Corn: 165 bu. X $.90 = $148

    Soybeans: 52 bu. X $2.80 = $146


Flexible cash leases l.jpg

Flexible Cash Leases

  • Rent is paid in cash

  • Amount of rent depends on actual prices and/or yields

  • Tenant pays all crop expenses

  • Tenant and owner share risks

  • Must agree on how to calculate rent, and how to determine actual price and yield


Flexible rent example l.jpg

Flexible Rent Example

Rent = % of Gross Revenue

Typical: 30-40%

(165 bu. @ $2.40 + $24) x 35% = $158

(100 bu. @ $2.80 + $24) x 35% = $106

(200 bu. @ $2.50 + $24) x 35% = $183

-Usually include government payments.

-May set a minimum and maximum rent.


Crop share leases l.jpg

Crop Share Leases

  • Tenant and owner divide crop

    • 1/2 and 1/2 is typical

  • Tenant and owner share cost of crop inputs (seed, fertilizer, pesticides, drying, crop insurance)

  • Tenant supplies labor and machinery

  • Both price and production risk are shared

  • Less capital is required from tenant


Evaluating a share lease l.jpg

Evaluating a Share Lease

CornTotalTenantOwner

Seed,fert,pest$160$80$80

Machinery$ 70 70 0

Drying 21 15 6

Labor 25 25 0

Management 20 20 0

(5% of gross $396)

Land $140 0 140

Total $436$210$226

Share 100%48%52%


Developing a good lease l.jpg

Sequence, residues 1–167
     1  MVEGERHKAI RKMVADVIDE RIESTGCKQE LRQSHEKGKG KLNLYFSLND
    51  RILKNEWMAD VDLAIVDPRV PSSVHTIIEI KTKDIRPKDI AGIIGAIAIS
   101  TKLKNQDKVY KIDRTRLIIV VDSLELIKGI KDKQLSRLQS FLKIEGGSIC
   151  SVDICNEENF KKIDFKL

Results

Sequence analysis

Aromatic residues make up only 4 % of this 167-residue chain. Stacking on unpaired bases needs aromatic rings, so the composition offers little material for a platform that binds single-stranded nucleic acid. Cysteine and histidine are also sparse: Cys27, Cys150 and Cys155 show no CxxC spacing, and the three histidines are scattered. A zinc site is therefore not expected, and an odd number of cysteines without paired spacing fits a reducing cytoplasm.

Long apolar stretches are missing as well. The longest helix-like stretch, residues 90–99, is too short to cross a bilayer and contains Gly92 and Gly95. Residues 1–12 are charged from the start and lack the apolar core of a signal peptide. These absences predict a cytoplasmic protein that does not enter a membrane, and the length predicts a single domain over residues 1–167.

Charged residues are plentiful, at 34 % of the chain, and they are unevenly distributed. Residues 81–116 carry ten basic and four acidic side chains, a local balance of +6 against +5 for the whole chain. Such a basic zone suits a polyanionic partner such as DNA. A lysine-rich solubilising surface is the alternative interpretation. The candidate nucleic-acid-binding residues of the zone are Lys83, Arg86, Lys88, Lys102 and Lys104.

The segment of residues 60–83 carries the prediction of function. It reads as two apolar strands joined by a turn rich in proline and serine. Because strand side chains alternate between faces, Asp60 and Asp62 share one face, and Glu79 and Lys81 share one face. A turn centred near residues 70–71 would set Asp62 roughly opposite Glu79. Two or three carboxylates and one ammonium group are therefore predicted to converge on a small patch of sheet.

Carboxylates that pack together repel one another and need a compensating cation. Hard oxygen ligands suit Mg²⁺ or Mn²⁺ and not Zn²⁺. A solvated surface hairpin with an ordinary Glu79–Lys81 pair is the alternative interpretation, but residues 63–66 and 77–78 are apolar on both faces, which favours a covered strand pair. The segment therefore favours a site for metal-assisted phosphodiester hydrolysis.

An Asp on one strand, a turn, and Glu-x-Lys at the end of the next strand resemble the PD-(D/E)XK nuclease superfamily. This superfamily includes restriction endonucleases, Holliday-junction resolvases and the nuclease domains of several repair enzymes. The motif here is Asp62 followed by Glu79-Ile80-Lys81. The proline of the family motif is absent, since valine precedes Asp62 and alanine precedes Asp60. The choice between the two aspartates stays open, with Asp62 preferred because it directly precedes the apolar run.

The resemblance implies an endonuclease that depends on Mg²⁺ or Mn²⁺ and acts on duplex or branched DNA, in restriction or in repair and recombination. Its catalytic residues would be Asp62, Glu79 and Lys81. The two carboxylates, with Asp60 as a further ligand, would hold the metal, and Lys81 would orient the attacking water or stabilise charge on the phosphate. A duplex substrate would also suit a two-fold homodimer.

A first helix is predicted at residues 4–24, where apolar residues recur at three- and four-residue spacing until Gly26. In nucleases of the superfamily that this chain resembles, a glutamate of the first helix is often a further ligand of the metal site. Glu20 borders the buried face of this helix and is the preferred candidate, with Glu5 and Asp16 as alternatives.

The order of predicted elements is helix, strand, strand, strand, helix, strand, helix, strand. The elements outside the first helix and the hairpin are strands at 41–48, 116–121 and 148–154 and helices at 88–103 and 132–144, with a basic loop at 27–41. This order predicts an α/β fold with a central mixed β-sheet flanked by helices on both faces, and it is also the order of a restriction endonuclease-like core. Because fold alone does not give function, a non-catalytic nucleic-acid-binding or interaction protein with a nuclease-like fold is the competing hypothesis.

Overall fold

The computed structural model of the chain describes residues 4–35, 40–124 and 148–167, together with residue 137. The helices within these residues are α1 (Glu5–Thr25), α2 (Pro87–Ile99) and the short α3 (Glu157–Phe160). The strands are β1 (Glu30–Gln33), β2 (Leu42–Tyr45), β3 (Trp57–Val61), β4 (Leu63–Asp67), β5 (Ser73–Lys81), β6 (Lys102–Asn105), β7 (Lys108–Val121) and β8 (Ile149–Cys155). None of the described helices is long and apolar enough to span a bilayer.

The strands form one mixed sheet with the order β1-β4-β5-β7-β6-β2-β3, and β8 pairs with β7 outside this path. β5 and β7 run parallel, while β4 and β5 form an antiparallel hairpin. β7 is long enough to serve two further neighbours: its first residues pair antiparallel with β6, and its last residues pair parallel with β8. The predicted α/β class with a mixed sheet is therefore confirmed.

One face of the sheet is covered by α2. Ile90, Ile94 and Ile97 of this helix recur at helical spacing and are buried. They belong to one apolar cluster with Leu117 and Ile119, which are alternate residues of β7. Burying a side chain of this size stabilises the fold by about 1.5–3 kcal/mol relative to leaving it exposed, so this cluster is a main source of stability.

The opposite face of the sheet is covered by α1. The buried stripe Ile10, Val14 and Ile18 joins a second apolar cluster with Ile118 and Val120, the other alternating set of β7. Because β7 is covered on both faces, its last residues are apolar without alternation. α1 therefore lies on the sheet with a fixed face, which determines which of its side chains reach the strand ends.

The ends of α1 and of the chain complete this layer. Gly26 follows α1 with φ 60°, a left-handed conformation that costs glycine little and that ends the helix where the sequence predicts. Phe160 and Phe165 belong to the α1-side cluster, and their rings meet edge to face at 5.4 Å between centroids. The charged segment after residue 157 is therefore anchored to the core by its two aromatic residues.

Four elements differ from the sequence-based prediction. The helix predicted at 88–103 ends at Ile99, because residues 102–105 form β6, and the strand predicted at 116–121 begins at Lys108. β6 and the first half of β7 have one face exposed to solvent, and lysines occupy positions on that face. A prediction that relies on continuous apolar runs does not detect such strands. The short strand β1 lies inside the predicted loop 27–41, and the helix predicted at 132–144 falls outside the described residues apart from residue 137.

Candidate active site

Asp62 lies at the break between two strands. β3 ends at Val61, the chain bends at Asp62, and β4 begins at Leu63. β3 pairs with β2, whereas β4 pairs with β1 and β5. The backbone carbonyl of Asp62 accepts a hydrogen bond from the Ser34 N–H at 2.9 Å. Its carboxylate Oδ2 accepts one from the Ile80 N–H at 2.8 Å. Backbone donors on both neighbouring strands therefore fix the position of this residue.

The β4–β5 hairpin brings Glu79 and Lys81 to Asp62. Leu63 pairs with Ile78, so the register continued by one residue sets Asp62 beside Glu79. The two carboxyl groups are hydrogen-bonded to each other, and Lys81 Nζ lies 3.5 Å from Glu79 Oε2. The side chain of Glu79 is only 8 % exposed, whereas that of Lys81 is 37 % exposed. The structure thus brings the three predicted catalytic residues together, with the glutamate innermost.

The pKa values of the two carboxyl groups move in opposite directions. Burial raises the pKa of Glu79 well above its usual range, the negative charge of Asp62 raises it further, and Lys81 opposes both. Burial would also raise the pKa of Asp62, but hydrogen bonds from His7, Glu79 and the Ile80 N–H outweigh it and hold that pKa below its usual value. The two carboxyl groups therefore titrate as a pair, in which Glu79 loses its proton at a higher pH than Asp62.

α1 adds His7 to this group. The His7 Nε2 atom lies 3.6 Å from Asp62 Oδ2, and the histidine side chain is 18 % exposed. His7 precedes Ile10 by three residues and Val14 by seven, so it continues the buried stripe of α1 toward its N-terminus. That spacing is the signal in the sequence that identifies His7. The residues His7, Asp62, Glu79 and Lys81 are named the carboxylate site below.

Developing a Good Lease

  • Discuss details and put it in writing

  • Treat the land as if it were your own

  • Communicate frequently

  • Consider environmental effects

  • Go the extra mile

  • The tenant that will pay the most is not always the best


Custom farming l.jpg

Custom Farming

  • Operator supplies labor and machinery, only

  • May buy supplies, choose inputs, etc.

  • Receives a fixed payment, sometimes a bonus or % of crop

  • Owner takes all the risk


Livestock share lease l.jpg

Livestock Share Lease

  • Crop costs split same as crop-share lease

  • Owner provide buildings, pasture, stationary equipment

  • Tenant provides movable equipment, labor

  • Divide livestock, feed, operating costs

  • Divide income equally

  • Not very common now


Contract farming l.jpg

Contract Farming

  • Usually involves growing specialty crops

    • high oil corn, seed corn, organic grains, etc

  • May receive a fixed payment

  • May receive a guaranteed price

  • Must meet quality standards

  • Management requirements are stricter

  • May need separate storage

  • Need a guaranteed market


Contract finishing l.jpg

Contract Finishing

  • Operator provides buildings, labor, operating costs

  • Contractor provides animals, feed, health services, marketing

  • Operator receives a fixed payment per animal or space. May have a bonus.

  • Limited risk, limited returns


Custom feeding mostly cattle l.jpg

Custom Feeding(mostly cattle)

  • Operator supplies feedlot, labor, feed, and all operating expenses

  • Owner of cattle pays a yardage fee ($ per head per day) plus health costs, feed costs, transportation


  • Login